From Harvard sociologist Andrew Jowett at the Atlantic:
The movement’s rhetoric suggests that if governments simply fund and heed scientific research, the world will march steadily toward peace and prosperity. Applying science to politics will create “an unbroken chain of inquiry, knowledge, and public benefit for all.” This is, dare I say, an unscientific conception of human action. A huge body of social-scientific literature—or just a good, hard look at the political scene—shows that conflict, uncertainty, and collective self-interest would remain central features of democratic politics even if all of the disputants took scientific findings as their starting point for policy recommendations.
In a 2004 essay, Daniel Sarewitz, a professor at Arizona State University, challenged the longstanding expectation that bringing science to bear on political questions will reduce or eliminate disputation. In fact, he noted that “scientized” political issues—most notably, the climate debate—generate particularly sharp controversies precisely because the participants can focus exclusively on questions of scientific validity while obscuring the values and interests that shape their positions. Coal producers seeking to throw off environmental regulations, for example, will tend to highlight uncertainties in the scientific understanding of carbon dioxide’s atmospheric effects, rather than making an explicit case for choosing policies that benefit their industry over policies aimed at climate remediation. More.
This sounds like just another riff on: The public can’t make good decisions. One expects to hear that often now.
See also: Jonathan Wells offers some context for the March for Science. Money walks. Notes: Science journalist Paul Voosen wrote in 2015 that “science today is riven with perverse incentives,” most of them financial.
March for Science: Neil DeGrasse Tyson thinks science denial dismantles democracy Poseur. Democracy gets dismantled mainly when not believing the government of the day becomes a crime.
…maybe superstition explains it. Like tribesmen laying out a sacrifice to placate King Kong, news outlets continue to make offerings to the Clinton gods. In The New York Times alone, Chelsea has starred in multiple features over the past few months: for her tweeting (it’s become “feisty”), for her upcoming book (to be titled She Persisted), and her reading habits (she says she has an “embarrassingly large” collection of books on her Kindle). With Chelsea’s 2015 book, It’s Your World, now out in paperback, the puff pieces in other outlets—Elle, People, etc.—are too numerous to count.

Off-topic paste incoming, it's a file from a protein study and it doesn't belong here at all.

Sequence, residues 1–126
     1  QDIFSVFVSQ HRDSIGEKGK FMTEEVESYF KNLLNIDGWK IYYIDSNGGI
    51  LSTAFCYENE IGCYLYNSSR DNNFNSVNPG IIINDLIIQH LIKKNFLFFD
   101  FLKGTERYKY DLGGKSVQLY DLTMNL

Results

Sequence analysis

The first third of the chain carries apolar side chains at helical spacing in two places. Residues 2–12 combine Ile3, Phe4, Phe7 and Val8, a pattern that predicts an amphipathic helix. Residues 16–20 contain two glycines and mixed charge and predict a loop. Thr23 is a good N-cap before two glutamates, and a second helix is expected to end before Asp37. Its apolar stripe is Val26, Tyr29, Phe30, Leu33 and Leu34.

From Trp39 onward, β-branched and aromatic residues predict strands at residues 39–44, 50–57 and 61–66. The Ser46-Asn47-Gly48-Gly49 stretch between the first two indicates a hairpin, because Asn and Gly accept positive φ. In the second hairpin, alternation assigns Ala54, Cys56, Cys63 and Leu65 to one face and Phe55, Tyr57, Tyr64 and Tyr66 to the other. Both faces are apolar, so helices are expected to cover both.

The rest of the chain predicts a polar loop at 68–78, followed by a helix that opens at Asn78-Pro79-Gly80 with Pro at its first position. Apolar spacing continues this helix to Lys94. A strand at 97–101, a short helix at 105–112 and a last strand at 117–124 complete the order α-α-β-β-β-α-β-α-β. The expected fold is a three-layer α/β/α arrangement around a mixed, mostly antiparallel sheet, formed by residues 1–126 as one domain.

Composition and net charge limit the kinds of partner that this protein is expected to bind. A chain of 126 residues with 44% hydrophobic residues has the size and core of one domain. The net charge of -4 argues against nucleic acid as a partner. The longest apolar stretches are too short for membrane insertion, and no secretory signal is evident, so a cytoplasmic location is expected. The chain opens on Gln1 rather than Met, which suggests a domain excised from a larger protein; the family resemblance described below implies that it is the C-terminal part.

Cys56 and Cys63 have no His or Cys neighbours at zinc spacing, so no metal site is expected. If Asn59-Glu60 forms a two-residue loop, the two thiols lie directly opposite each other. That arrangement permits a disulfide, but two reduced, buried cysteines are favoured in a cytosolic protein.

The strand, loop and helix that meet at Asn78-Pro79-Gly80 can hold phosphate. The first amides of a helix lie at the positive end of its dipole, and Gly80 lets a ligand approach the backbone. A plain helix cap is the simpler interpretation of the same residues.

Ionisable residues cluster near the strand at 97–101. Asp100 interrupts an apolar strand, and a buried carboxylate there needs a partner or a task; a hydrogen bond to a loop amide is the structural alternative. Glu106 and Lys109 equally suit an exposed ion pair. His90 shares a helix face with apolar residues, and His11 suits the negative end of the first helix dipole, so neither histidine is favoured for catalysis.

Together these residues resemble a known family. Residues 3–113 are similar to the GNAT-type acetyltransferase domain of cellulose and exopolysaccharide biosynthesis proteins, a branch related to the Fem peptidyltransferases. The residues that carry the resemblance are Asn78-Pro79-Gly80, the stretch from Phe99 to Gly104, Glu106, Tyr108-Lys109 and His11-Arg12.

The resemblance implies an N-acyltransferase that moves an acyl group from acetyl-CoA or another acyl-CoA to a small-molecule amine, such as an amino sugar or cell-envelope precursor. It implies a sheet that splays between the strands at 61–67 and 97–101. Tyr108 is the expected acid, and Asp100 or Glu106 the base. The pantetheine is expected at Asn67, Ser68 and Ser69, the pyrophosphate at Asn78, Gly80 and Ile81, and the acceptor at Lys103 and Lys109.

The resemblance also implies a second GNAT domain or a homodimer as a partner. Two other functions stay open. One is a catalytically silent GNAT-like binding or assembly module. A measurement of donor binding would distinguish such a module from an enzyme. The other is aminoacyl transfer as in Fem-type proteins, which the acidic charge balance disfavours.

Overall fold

One wishes to calm these publications: You can stop this now. Haven’t you heard that the great Kong is no more? Nevertheless, they’ve persisted. At great cost: increased Chelsea exposure is tied closely to political despair and, in especially intense cases, the bulk purchasing of MAGA hats. So let’s review: How did Chelsea become such a threat?
…Chelsea, people were quietly starting to observe, had a tendency to talk a lot, and at length, not least about Chelsea. But you couldn’t interrupt, not even if you’re on TV at NBC, where she was earning $600,000 a year at the time. “When you are with Chelsea, you really need to allow her to finish,” Jay Kernis, one of Clinton’s segment producers at NBC, told Vogue. “She’s not used to being interrupted that way.”
A major study on scientific integrity in the US advocates stricter policies for scientific authorship attribution, increased openness in scientific work, the reporting of negative findings, and establishment of an independent, nonprofit Research Integrity Advisory Board.
“Fostering Integrity in Research,” released 11 April by the National Academies of Sciences, Engineering, and Medicine, is an update to their landmark 1992 study, “Responsible Science: Ensuring the Integrity of the Research Process.” In the intervening 25 years, the scientific research enterprise has become larger, more globalized, and increasingly driven by information technology, which has led to major changes in how the integrity of research can be eroded or protected. More.
Unfortunately, I (O’Leary for News) have been covering these “sweeping reviews” for probably fifteen years. Mostly, they amount to clucking noises followed by sweeping the problems under the carpet when all is quiet.
The kinds of conversations people would need to have, in order to make a real difference, are conversations few are ready for.